Once, I was struck out by a pitcher for the Philadelphia Athletics. The franchise left that city in 1954. This happened in 1993, not a video game.
It was at an old-timers' game my newspaper was sponsoring in Fayetteville, N.C. The promotions department had rounded up a bunch of veterans who all had legitimate big league service, but still needed a team to challenge them. Having played four years in high school, I felt like I could contribute.
A week before the game, I went to coin-op hitting cages at a local mini-golf, jamming quarters down the throat of the fast-pitch machine. I was killing 90-mph balls, blasting line drives to the gap and back up the middle. I'm gonna double off the wall against one of these Medicare recipients, I thought. I really did.
The first pitch, from a 70-year-old who had played for Connie Mack, had some real heat to it. I shortened my grip, moved back in the box, and whiffed on the second fastball. Now facing an 0-2 count, I was scared out of my mind, unable to understand I was yet again set up for a textbook strikeout.
Here came the big curveball, drifting by in slow motion. I gawked at it like I would at a naked woman hitchhiking on the side of the highway.
Virtual reality video gaming has had a great week. After years of being fed fishfood — Kickstarted developer kits; ports, demos and proofs of concept; big celebrations for venture capital funding — big names like Sony, Valve and HTC committed to put VR hardware in consumers' hands by the end of the year. The next era in gaming seems to be upon us.
But I'm just as capable of striking out in real life against a septaugenarian from baseball's golden age as I am with a visor strapped to my face — and the former experience is well more memorable than the latter.
The point of a sports video game is to play beyond your real-life skill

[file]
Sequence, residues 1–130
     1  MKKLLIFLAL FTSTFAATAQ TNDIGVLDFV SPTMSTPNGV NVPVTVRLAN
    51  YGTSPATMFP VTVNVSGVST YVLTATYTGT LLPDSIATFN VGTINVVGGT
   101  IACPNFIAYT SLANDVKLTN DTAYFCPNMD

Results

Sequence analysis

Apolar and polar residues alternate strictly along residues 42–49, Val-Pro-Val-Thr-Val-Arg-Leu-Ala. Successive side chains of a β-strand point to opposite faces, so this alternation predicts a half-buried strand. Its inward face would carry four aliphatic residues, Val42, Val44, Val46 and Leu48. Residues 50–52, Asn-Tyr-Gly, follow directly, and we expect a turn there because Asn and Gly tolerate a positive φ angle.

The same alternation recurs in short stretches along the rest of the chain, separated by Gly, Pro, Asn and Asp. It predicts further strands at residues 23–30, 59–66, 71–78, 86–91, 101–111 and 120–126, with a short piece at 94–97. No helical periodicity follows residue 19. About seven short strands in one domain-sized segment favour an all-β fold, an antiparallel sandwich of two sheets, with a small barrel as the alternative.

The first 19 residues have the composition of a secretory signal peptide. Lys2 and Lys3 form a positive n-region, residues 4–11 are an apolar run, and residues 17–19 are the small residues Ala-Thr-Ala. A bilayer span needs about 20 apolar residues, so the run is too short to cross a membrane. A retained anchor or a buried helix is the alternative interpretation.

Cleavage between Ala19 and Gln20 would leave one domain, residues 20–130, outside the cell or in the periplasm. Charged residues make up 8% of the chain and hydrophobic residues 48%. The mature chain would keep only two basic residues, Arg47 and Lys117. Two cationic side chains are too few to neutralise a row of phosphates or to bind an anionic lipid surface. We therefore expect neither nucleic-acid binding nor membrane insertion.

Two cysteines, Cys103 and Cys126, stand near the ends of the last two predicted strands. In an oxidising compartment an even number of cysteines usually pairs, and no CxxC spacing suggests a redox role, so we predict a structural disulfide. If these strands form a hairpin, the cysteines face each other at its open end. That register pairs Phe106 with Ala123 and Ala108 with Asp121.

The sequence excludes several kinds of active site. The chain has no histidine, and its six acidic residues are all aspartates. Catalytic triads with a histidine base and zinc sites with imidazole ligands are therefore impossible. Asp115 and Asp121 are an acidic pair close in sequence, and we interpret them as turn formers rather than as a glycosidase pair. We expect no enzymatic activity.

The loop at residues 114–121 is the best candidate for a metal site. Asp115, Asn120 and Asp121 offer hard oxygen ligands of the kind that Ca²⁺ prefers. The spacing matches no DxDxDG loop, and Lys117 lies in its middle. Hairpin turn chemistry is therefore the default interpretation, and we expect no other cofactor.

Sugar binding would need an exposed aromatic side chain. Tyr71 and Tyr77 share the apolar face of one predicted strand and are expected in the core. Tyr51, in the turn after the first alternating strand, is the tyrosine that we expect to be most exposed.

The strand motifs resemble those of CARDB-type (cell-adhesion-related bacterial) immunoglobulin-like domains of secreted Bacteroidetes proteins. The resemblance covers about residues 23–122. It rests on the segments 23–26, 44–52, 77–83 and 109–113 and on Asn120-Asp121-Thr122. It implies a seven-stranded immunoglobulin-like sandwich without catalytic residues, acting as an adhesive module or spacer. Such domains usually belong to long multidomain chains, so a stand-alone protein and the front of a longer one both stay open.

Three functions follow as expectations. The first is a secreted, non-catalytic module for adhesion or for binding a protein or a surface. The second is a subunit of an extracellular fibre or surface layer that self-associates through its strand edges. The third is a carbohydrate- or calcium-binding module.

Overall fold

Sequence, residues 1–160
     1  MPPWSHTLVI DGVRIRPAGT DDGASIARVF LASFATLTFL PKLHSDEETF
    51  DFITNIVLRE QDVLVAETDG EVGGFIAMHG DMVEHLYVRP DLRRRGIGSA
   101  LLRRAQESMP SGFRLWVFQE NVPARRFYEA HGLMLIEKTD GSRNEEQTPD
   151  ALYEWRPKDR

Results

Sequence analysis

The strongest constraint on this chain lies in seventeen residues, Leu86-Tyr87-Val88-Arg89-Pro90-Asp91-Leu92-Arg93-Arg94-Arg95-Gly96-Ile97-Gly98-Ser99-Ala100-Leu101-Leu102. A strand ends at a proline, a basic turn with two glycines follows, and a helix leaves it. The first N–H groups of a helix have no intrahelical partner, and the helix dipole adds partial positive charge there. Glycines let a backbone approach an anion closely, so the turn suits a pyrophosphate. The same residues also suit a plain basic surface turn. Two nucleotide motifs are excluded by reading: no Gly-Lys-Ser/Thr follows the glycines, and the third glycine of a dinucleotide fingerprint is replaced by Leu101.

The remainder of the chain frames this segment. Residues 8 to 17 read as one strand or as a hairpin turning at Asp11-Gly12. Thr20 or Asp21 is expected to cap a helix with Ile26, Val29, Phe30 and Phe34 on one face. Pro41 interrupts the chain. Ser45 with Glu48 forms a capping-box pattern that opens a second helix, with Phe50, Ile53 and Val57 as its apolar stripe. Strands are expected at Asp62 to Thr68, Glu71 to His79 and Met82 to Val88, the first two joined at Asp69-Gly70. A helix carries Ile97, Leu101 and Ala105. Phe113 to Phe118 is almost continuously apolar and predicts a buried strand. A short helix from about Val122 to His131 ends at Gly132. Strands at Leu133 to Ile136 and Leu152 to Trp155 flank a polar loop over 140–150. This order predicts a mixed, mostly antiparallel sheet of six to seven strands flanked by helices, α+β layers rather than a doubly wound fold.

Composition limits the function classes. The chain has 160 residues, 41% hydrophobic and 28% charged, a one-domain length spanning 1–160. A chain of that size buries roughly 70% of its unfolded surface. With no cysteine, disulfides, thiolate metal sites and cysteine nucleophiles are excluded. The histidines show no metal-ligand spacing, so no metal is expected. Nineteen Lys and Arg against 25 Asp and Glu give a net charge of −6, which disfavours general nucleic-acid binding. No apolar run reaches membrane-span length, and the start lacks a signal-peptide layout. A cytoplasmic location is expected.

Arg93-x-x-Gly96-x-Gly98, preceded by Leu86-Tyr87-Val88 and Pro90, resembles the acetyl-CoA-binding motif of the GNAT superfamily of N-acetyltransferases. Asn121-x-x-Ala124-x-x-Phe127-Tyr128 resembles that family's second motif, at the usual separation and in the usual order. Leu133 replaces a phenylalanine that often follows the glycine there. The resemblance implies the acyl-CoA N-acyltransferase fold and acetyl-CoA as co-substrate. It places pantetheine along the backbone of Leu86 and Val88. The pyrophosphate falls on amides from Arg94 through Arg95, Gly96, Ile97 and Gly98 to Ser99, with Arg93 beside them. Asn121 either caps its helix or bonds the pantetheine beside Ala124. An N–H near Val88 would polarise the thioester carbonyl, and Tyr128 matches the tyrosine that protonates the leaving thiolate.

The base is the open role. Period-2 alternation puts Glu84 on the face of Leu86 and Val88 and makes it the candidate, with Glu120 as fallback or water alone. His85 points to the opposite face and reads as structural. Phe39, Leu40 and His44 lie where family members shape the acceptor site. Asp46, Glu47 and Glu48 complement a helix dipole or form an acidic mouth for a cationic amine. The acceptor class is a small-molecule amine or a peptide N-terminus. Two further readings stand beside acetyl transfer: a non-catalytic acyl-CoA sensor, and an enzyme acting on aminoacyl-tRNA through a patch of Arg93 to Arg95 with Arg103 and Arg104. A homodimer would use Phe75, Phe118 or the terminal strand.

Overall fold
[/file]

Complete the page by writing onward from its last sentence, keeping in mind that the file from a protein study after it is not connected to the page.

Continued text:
Virtual reality gaming has supposedly been the way of video gaming's future for three years now, yet the movement has never really explained how this technology will enable or enhance the superhuman things gamers already already are doing, in third-person adventure titles, in fantasy role-playing games, in mass-market first person shooters like Call of Duty, with gamepads, keyboards and mice.
And in sports, virtual reality still hasn't made any case at all.
The point of playing a sports video game is to play that sport at a level far beyond your skill or experience in real life. If not, there are basketball leagues at the YMCA or soccer leagues at your local park offering meaningful camaraderie, accomplishment and triumph. There are tennis ladders and golf tournaments at the club, not all of them members-only. Hell, when I lived in Cooperstown, N.Y., 20 years ago, I played baseball by its 1876 rules, in period uniform, so there's even that out there.
It's the fantasy of playing against high-level competition, in a high-level venue and — most importantly — with skill worthy of both, that gives sports video gaming its meaning. In virtual reality, I see a device that reminds gamers more of their limitations.